“It’s just a matter of time. The Vitor fight will be my real ticket to the top-10 starlight, and he wants the fight too, so we’ll make that fight happen.”

That potential clash with Belfort is something Alvey made clear he wants in his immediate future.

And the man known for his heavy hands and winning smile hopes to use victory on Saturday in Poland to state his case for a battle with Belfort.

“I said yes, and Vitor said yes. The UFC just had different plans for now,” he said. “But after I win this one at such short notice, I think the UFC owes me a little bit.

“And I’m going to demand it. I want Vitor. Give me Vitor!”

For more on UFC Fight Night 118, check out the UFC Rumors section of the site.

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Source: MMA Junkie

Sam Alvey takes late-notice fight at next week's UFC Fight Night 118 event

Middleweight slugger Sam Alvey (31-9 MMA, 8-4 UFC) has made it clear he wants to stay as busy as possible, and that includes picking up the phone whenever the UFC calls.

This time, the voice on the other end of the line asked him to step in on a little more than one week’s notice to replace Trevor Smith (15-7 MMA, 5-4 UFC) and face Russian prospect Ramazan Emeev (15-3 MMA, 0-0 UFC) at UFC Fight Night 118.

Alvey said yes.

UFC officials today announced the change for the Oct. 21 event, which takes place at Ergo Arena in Gdansk, Poland. The entire card streams on UFC Fight Pass.

Alvey fought most recently in August, scoring a split-decision win over former UFC light heavyweight champion Rashad Evans. The 31-year-old Alvey is 5-1 in his past six appearances, a run that also includes wins over Nate Marquardt, Alex Nicholson, Kevin Casey and Eric Spicely.

Meanwhile, Emeez is a 30-year-old Russian product who makes his UFC debut on the strength of a four-fight winning streak that includes victories over Anatoly Tokov, Maiquel Falcao, Luigi Fioravanti and Vyacheslav Vasilevsky – with three of those coming by way of stoppage. Overall, Emeev is 12-1 in his past 13 appearances.

With the change to the card, UFC Fight Night 118 now includes:

MAIN CARD (UFC Fight Pass, 3 p.m. ET)

  • Donald Cerrone vs. Darren Till
  • Jodie Esquibel vs. Karolina Kowalkiewicz
  • Jan Blachowicz vs. Devin Clark
  • Oskar Piechota vs. Jonathan Wilson

PRELIMINARY CARD (UFC Fight Pass, 11:45 a.m. ET)

  • Nasrat Haqparast vs. Marcin Held
  • Anthony Hamilton vs. Adam Wieczorek
  • Brian Kelleher vs. Damian Stasiak
  • Sam Alvey vs. Ramazan Emeev
  • Andre Fili vs. Artem Lobov
  • Warlley Alves vs. Jim Wallhead
  • Aspen Ladd vs. Lina Lansberg
  • Felipe Arantes vs. Josh Emmett

For more on UFC Fight Night 118, check out the UFC Rumors section of the site.

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Source: MMA Junkie

Vitor Belfort responds to Sam Alvey after UFC-Mexico: He'll be first to get knocked out smiling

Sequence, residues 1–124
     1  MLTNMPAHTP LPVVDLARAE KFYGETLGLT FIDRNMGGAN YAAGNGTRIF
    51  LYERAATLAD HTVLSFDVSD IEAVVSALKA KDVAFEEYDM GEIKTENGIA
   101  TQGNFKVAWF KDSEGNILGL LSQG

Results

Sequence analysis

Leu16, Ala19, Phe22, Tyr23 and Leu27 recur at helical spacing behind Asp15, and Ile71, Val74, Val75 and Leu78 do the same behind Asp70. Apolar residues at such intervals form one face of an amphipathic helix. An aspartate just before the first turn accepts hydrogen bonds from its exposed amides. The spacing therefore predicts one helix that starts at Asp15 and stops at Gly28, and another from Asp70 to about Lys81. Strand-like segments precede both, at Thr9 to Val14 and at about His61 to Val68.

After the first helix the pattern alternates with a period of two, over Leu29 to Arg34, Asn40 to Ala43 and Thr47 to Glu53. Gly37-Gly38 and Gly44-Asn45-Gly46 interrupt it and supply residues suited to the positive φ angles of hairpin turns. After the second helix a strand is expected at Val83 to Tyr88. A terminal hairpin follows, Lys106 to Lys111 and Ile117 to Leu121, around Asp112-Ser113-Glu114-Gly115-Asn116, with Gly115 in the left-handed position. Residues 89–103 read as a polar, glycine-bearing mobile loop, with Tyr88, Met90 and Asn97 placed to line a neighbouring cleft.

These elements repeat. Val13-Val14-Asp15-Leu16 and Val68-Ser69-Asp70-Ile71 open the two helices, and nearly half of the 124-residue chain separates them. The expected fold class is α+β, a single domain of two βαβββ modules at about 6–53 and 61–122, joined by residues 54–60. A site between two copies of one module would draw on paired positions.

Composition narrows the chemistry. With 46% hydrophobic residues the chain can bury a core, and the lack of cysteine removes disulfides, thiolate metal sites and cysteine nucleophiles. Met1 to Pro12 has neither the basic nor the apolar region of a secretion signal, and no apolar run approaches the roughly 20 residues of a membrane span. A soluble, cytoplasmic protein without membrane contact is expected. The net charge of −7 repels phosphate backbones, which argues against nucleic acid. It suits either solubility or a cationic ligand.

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Vitor Belfort didn’t take long to accept Sam Alvey’s challenge to be the next stop on the “2017 Vengeance Tour.”

Following Alvey’s (31-9 MMA, 8-4 UFC) split-decision win over Rashad Evans at UFC Fight Night 114 on Saturday, “Smile’n” Sam called for a matchup with Belfort (26-13 MMA, 15-10 UFC). He said he wants to get revenge against everyone who has beaten his friend, mentor and training partner Dan Henderson – something “The Phenom” has done twice.

Belfort caught win of Alvey’s request for a future middleweight fight, and the Brazilian accepted with a threat (via Instagram):

Instagram Photo

Belfort, a former UFC light heavyweight champion who is coming off a unanimous decision win over Nate Marquardt at UFC 212 in February, mentioned Las Vegas as a possible destination for the matchup. The organization’s next stop in “Sin City,” is UFC 216, slated for Oct. 7 at T-Mobile Arena.

For complete coverage of UFC Fight Night 114, check out the UFC Events section of the site. And for more on the UFC’s upcoming schedule, check out the UFC Rumors section of the site.

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Source: MMA Junkie

Sam Alvey sorry for lackluster UFC Fight Night 114 win vs. Rashad Evans, calls out Vitor Belfort

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MEXICO CITY – UFC middleweight Sam Alvey has fought veteran MMA stars Nate Marquardt and Thales Leites, and managed to keep his inner fanboy in line.

But at UFC Fight Night 114, he fought Rashad Evans, and it got to him.

“A little awestruck,” Alvey told MMAjunkie of the experience following his FS1-televised win over former UFC light heavyweight champion at Mexico City Arena in Mexico City. “I’d never experienced that before. But Rashad is one of those guys that, he’s fighting, I watch.”

As it turned out, Alvey (31-9 MMA, 8-4 UFC) watched too much and did too little fighting vs. Evans (19-7-1 MMA, 14-7-1 UFC). He wound up squeaking out a split decision but won no fans in the process. There was no getting around that fact.

“This was going to be that fight where people remember me forever, and I doodled a little bit,” Alvey said.